Aside from skiing in Annupuri, Hirafu and Kiroro, we spent the most time in Rusutsu as we visited over 3 days, while staying at Niseko. Rusutsu is located close to the town which is also its namesake and the town of Makkari. Geographically it is on the other end of the distinctive Mount Yotei from Niseko. Thus this is also one resort that affords good views of Yotei, which is also known as the Fuji of the North for its symmetrical shape.
Like many ski resorts in Hokkaido, there are direct shuttle buses to this resort from Sapporo Chitose Airport. For the cost conscious, there are free shuttle from Sapporo town centre departing from the Rusutsu resort sales office with one departure in the morning at 8am and a return from Rusutsu in the evening at 4:50pm from the Westin Rusutsu.
In our case, we had rented a van and it took us slightly more than an hour to get here from our lodging at Niseko. It is thus very convenient to access the other ski resorts in Hokkaido with a rental car.
CHAIRLIFTS & GONDOLAS
Rusutsu Ski Resort is a little bit like Sun Valley in Idaho in that there are 2 separate mountain area creating 3 distinct ski area. The larger one that most skiers would be interested in would be the East Mountain and Mt. Isola ski area and then there is the shorter West Mountain which is on the other side closer to the resorts. Both areas in Rusutsu are linked by a gondola that connects both mountain making is convenient. There is also a gondola connecting the Westin Rusutsu with the East Mountain which is the starting location for skiers wanting the larger mountain.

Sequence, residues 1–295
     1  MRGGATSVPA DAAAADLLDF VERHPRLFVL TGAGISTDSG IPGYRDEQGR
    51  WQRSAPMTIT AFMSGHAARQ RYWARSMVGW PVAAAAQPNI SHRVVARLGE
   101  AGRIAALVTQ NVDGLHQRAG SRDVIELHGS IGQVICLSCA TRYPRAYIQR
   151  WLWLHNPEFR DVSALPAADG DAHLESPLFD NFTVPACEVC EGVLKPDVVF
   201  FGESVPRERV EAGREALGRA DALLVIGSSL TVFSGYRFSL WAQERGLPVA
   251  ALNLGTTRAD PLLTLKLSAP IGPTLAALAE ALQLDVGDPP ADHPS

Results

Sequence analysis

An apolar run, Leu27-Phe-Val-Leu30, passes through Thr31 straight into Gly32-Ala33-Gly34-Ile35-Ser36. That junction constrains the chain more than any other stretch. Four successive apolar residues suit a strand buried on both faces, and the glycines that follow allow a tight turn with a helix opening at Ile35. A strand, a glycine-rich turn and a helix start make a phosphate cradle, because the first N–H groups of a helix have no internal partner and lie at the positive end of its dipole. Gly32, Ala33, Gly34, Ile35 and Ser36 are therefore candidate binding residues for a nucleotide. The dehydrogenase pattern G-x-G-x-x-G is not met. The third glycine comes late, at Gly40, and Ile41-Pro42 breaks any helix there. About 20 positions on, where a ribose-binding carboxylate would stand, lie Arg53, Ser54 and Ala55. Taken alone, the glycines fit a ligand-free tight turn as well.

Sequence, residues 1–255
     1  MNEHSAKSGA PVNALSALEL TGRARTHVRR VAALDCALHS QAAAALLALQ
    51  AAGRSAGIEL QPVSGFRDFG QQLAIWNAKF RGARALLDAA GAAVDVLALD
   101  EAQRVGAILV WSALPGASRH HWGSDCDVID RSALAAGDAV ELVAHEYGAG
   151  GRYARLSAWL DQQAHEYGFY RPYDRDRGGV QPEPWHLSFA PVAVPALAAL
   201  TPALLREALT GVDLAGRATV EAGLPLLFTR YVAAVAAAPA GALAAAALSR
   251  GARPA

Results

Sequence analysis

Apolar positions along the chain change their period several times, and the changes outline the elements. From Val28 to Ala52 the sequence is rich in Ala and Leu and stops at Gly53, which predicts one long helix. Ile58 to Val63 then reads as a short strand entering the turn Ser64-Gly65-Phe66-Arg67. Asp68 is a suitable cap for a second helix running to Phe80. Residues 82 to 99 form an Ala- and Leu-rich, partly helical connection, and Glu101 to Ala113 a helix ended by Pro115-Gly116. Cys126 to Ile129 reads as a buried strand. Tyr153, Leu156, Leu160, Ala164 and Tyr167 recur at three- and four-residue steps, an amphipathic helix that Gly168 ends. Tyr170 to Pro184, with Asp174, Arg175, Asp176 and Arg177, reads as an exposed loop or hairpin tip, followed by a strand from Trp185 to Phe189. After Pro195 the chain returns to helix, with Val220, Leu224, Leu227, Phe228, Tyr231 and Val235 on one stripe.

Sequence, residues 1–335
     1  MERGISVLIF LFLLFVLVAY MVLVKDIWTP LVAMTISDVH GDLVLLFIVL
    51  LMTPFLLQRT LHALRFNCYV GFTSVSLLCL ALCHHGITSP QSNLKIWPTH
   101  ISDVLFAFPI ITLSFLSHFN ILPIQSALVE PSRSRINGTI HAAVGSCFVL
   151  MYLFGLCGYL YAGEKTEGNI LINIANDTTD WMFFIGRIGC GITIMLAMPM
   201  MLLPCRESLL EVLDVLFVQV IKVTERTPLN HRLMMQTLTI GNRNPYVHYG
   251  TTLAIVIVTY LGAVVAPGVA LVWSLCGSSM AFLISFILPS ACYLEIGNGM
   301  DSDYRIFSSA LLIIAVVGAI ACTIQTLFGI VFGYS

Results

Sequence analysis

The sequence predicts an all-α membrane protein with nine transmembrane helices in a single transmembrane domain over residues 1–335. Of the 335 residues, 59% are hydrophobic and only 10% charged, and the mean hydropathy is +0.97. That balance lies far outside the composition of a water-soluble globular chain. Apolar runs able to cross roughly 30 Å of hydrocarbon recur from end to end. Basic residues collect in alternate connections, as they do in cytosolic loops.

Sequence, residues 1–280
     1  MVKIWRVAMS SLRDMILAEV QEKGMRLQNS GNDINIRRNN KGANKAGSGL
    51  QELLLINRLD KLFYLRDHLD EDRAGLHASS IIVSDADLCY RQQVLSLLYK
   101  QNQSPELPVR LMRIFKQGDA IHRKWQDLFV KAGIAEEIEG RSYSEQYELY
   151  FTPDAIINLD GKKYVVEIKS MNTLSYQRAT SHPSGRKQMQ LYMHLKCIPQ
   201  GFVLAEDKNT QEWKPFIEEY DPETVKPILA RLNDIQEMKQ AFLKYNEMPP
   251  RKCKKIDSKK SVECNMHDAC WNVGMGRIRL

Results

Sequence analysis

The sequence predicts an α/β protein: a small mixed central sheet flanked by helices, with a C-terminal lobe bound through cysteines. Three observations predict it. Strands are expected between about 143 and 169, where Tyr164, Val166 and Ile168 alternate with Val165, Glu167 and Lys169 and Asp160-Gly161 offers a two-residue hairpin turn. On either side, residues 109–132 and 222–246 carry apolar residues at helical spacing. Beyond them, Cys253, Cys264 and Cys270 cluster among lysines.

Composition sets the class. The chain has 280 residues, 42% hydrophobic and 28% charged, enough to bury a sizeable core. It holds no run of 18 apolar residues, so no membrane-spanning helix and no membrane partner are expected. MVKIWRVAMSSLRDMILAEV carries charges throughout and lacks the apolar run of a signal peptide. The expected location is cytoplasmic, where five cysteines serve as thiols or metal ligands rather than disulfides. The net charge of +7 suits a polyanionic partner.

Two other gondolas whisk skiers up to the summit of East Mountain and Mt. Isola from their respective base. While the gondolas were modern enough, the ski racks outside the gondola was practically useless as it does not hold a snowboard nor does it hold any powder skis in the 90mm waist range.